Front cover image for Strangers : homosexual love in the nineteenth century

Strangers : homosexual love in the nineteenth century

Graham Robb (Author)
"In Strangers, the biographer of Balzac, Hugo, and Rimbaud has turned his attention to uncovering the real story of male and female homosexuality in the Victorian era. On the basis of archives, diaries, and letters scattered throughout Europe and America, Graham Robb tells a tale that is in part familiar, and in part extremely surprising - a story of oppression and secrecy but also of unexpected tolerance and familiarity." "Contradicting the widely held view that a liberated and proud gay heritage dates back only a few decades, the author uncovers evidence from legislation, literature, medicine, and daily life pointing to a culture of homosexuality that was uniquely well developed, self-aware, and sophisticated. He describes the lives of gay men and women: how they discovered their sexuality and accepted or disguised it; how they came out; how they made contact with like-minded people. He also includes a fascinating investigation of the encrypted homosexuality of such famous nineteenth-century sleuths as Edgar Allan Poe's Auguste Dupin and Sherlock Holmes himself (with glances forward in time to Batman and J. Edgar Hoover). Finally, Strangers addresses crucial questions of gay culture, including the riddle of its relationship to religion: Why were homosexuals created with feelings that the Creator supposedly condemns?"--Jacket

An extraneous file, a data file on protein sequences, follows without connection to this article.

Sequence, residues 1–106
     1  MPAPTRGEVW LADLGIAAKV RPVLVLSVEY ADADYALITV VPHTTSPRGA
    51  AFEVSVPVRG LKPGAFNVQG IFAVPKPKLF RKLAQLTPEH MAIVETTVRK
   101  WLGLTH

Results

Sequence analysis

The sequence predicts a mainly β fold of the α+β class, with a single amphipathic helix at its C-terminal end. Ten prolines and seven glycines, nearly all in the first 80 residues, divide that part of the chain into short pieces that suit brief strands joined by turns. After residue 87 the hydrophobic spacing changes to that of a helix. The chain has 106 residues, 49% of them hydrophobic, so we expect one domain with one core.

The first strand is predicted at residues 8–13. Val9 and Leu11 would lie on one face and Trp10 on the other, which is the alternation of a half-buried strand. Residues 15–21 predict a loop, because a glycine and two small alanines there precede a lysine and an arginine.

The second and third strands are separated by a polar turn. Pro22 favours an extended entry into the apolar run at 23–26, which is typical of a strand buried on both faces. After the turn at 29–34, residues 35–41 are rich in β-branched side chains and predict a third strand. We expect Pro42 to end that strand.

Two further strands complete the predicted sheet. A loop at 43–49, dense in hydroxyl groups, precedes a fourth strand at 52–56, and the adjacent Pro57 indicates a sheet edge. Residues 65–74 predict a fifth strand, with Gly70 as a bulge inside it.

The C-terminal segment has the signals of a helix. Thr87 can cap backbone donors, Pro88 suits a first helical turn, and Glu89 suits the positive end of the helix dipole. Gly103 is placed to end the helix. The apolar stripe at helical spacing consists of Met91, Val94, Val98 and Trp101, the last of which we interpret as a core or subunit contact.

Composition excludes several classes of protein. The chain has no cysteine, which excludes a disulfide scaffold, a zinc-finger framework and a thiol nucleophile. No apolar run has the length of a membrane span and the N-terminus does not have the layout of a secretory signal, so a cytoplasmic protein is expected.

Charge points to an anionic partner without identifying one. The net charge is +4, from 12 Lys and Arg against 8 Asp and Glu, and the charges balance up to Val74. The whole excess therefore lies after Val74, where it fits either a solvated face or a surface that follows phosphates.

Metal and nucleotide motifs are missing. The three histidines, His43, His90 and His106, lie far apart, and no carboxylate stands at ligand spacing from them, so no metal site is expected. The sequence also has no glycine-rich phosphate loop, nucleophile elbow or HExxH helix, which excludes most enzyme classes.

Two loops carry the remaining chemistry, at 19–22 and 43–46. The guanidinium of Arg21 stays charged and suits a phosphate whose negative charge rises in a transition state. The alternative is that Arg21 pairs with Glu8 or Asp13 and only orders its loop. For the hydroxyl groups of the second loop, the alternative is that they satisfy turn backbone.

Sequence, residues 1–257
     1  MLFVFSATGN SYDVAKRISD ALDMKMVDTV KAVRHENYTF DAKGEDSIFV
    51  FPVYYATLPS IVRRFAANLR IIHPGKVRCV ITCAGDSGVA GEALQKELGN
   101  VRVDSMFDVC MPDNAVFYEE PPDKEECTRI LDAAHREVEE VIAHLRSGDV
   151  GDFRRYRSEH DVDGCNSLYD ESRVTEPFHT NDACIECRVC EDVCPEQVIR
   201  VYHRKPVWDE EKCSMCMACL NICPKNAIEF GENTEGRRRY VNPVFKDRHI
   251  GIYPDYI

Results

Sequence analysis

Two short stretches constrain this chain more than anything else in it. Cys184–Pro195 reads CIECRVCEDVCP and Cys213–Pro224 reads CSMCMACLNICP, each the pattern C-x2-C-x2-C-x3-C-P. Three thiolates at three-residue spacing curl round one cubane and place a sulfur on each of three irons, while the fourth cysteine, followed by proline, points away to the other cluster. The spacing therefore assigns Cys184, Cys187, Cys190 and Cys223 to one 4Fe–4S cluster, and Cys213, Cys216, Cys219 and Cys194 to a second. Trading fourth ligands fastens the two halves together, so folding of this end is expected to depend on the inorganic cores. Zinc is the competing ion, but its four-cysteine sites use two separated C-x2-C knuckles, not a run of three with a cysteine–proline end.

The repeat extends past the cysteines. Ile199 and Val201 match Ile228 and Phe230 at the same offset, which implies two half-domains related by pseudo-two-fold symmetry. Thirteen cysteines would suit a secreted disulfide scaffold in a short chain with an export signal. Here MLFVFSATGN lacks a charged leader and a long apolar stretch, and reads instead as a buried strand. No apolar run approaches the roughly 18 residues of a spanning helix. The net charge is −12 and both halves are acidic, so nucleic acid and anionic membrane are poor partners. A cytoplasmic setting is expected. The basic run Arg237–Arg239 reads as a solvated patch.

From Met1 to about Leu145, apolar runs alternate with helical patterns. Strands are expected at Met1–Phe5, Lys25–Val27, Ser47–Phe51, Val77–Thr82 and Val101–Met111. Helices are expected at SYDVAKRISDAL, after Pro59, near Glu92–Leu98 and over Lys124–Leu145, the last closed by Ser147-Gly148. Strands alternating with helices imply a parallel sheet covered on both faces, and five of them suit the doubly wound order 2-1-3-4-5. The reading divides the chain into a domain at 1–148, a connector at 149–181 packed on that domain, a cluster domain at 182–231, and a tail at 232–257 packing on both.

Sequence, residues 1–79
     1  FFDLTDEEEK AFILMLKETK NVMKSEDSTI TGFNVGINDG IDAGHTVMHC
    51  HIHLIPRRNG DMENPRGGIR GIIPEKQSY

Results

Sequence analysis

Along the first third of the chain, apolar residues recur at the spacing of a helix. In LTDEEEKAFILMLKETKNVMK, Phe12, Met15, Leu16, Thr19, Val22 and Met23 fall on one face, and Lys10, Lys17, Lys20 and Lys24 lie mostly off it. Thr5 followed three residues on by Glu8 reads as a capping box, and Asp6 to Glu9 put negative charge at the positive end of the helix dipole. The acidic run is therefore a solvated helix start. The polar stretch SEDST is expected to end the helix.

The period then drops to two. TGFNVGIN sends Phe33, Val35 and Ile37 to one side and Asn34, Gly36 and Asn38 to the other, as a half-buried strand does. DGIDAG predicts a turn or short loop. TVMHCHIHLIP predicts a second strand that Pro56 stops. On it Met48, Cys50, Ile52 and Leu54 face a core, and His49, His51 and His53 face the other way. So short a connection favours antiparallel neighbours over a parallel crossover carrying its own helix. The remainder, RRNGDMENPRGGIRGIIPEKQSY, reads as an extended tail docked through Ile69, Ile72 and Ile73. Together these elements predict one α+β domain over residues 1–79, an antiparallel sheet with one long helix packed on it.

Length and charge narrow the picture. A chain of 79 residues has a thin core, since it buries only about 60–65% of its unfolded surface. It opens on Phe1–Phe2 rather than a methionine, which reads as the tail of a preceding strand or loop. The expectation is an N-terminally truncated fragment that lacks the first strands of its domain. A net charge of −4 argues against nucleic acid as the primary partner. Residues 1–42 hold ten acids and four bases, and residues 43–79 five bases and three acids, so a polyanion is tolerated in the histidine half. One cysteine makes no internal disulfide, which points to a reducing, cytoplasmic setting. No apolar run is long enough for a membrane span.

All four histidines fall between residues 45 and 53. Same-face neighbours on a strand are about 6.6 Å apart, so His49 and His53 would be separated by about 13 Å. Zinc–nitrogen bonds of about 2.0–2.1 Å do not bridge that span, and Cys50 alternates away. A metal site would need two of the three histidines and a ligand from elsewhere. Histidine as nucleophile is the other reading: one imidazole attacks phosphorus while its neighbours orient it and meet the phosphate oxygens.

Print Book, English, 2004
First American edition View all formats and editions
W.W. Norton & Company, New York, 2004
viii, 341 pages, 16 unnumbered pages of plates : illustrations (some color) ; 24 cm
9780393020380, 9780393326499, 039302038X, 0393326497
1. Prejudice
Part one
2. In the shadows
3. Country of the blind
4. Outings
Part two
5. Miraculous love
6. Society of strangers
7. A sex of one's own
Part three
8. Fairy tales
9. Gentle Jesus
10. Heroes of modern life